Reddit: C# IDE?

Tuesday 15th of August 2017 12:34:39 PM

So MonoDevelop is just killing itself when I try and open anything, so I'm looking for a different IDE. Research brought up some Jetbrains stuff and various other programs, but they're either simple code editors or it's paid software.

Are there any C# IDEs I could use? All I need is something that will set up programs and classes for me and do the compiling.

Thanks for any help.

submitted by /u/0TheB
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TuxMachines: Ubuntu GNOME Shell in Artful: Day 2

Tuesday 15th of August 2017 12:29:41 PM

Let’s continue our journey and progress on transforming current Ubuntu Artful. For more background on this, you can refer back to our decisions regarding our default session experience as discussed in my blog post.

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Phoronix: RADV Driver Already Latches Onto Vulkan 1.0.58

Tuesday 15th of August 2017 12:24:08 PM
Vulkan 1.0.58 was released yesterday as the latest minor update to this high-performance graphics API and already Mesa's RADV driver has patches pending...

TuxMachines: ZFS On Linux Adds Encryption Support

Tuesday 15th of August 2017 12:20:31 PM

ZFS On Linux (ZOL) has finally picked up support for native encryption.

Those using this out-of-tree file-system support on Linux will be pleased to learn today that the encryption code has been merged into the ZOL code-base.

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More in Tux Machines

Didier Roche: Ubuntu GNOME Shell in Artful: Day 5

Big update today and probably a very awaited one: here is an important step on our journey on transforming the default session in Ubuntu Artful. Let’s get the new Ubuntu Dock installed by default! For more background on this, you can refer back to our decisions regarding our default session experience as discussed in my blog post. Read more

5 Best Vector Graphics Editors for Linux

Here's a list of the best vector graphics software for Linux that can be used as Adobe Illustrator alternative for Linux. Read more

Oracle changes heart on Java EE

  • Oracle opens up Java EE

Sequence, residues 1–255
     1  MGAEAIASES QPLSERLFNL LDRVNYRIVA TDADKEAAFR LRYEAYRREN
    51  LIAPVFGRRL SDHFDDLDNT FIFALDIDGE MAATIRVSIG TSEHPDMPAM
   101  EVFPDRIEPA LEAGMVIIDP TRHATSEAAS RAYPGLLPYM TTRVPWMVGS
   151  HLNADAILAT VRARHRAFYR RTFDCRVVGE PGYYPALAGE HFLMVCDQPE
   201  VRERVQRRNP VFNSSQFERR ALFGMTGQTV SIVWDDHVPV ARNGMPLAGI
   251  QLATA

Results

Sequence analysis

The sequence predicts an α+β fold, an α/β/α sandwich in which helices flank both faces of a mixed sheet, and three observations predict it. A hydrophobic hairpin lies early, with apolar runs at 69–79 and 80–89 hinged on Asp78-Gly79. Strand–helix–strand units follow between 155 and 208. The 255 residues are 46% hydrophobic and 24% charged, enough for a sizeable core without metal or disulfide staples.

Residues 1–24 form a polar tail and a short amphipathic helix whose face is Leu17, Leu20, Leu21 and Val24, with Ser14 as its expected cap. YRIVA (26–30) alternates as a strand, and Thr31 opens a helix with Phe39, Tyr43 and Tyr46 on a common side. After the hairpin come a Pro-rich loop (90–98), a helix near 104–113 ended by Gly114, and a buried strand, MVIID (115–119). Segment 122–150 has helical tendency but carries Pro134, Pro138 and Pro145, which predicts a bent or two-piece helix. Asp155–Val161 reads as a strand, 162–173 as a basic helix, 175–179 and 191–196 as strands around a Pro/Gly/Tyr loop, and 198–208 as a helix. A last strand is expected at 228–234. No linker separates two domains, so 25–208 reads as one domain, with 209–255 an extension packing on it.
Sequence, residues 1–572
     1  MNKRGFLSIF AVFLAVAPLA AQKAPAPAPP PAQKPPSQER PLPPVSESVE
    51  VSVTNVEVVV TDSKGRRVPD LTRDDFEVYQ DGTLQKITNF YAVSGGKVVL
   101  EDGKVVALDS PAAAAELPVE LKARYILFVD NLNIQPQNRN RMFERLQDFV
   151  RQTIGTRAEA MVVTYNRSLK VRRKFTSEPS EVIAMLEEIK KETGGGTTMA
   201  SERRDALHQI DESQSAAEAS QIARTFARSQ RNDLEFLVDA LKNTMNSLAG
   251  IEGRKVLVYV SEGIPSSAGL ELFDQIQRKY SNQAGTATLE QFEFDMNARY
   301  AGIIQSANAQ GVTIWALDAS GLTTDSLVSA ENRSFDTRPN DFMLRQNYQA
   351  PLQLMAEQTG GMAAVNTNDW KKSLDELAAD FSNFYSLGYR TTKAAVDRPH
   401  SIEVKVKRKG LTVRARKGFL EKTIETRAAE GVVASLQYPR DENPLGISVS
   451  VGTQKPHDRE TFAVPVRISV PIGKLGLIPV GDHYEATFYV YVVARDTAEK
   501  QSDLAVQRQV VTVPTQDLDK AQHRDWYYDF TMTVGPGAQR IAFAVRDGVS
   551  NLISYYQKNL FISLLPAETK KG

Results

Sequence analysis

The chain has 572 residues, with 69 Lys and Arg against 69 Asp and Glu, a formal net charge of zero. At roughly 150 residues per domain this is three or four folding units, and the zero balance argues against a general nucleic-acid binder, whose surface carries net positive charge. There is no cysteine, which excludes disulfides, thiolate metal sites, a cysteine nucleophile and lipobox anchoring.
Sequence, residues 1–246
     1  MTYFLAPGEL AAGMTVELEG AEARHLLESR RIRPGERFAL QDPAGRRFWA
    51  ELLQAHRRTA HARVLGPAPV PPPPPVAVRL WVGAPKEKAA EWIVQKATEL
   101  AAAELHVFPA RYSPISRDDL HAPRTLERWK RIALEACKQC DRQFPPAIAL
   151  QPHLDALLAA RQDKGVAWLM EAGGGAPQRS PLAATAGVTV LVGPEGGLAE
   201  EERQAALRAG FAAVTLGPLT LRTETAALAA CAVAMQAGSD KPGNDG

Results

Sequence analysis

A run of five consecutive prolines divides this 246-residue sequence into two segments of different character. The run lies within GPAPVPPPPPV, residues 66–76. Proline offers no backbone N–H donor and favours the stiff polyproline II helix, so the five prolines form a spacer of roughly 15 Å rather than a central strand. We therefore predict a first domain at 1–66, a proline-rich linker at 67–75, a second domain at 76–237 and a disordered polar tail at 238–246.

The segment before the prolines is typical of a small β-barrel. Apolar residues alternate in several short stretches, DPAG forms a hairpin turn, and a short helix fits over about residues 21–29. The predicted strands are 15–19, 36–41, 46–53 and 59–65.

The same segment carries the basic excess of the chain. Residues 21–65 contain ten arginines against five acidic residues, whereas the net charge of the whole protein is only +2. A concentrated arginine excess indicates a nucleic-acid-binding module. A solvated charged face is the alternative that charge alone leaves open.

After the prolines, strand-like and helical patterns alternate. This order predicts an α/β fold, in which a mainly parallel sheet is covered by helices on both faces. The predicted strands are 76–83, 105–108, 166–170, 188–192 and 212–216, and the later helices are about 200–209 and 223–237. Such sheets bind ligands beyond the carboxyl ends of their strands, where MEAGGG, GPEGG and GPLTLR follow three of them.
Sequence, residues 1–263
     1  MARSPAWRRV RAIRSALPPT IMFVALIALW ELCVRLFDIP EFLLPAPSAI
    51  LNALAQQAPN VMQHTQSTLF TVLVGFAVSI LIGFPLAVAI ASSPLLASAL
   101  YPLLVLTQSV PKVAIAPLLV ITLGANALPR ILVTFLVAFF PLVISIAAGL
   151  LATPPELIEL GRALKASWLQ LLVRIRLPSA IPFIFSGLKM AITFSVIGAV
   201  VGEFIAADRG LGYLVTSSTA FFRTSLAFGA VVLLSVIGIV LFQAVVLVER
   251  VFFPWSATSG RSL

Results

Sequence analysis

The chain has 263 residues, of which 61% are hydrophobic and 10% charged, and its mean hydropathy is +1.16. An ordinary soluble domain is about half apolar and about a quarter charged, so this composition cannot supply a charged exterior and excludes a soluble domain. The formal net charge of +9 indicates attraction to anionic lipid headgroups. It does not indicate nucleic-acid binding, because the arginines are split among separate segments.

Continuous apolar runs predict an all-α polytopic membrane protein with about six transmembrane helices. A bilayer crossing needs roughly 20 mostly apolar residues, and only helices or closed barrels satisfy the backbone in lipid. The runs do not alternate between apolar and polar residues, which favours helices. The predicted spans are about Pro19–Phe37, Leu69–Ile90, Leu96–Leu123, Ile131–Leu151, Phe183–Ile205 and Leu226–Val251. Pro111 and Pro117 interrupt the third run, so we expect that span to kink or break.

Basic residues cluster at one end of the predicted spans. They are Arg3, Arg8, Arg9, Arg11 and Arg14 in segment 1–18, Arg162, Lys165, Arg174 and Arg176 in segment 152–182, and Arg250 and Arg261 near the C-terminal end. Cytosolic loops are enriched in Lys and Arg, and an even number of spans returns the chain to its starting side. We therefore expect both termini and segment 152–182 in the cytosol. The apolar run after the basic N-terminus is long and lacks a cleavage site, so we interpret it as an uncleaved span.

Oracle continues to make progress Java EE 8, the enterprise edition for the Java platform, and moving forward it would like to advance Java EE within a more open and collaborative community. Specifications are nearly complete and the Java team expects to deliver the Java EE 8 reference implementation this summer. As the delivery of Java EE 8 approaches, Oracle believes they have the ability to rethink how Java EE is developed in order to “make it more agile and responsive to changing industry and technology demands.”
  • Oracle considers moving Java EE to an open source foundation
    With the finalization of the Java EE 8 platform on the horizon, Oracle on Thursday said it's considering moving Java Enterprise Edition technologies to an open source foundation. The move, Oracle said in a blog post, "may be the right next step, in order to adopt more agile processes, implement more flexible licensing, and change the governance process."
  • Oracle doesn't want Java EE any more
    Oracle wants to end its leadership in the development of enterprise Java and is looking for an open source foundation to take on the role. The company said today that the upcoming Java EE (Enterprise Edition) 8 presents an opportunity to rethink how the platform is developed. Although development is done via open source with community participation, the current Oracle-led process is not seen agile, flexible, or open enough. ”We believe that moving Java EE technologies to an open source foundation may be the right next step, to adopt more agile processes, implement more flexible licensing and change the governance process,” Oracle said in a statement.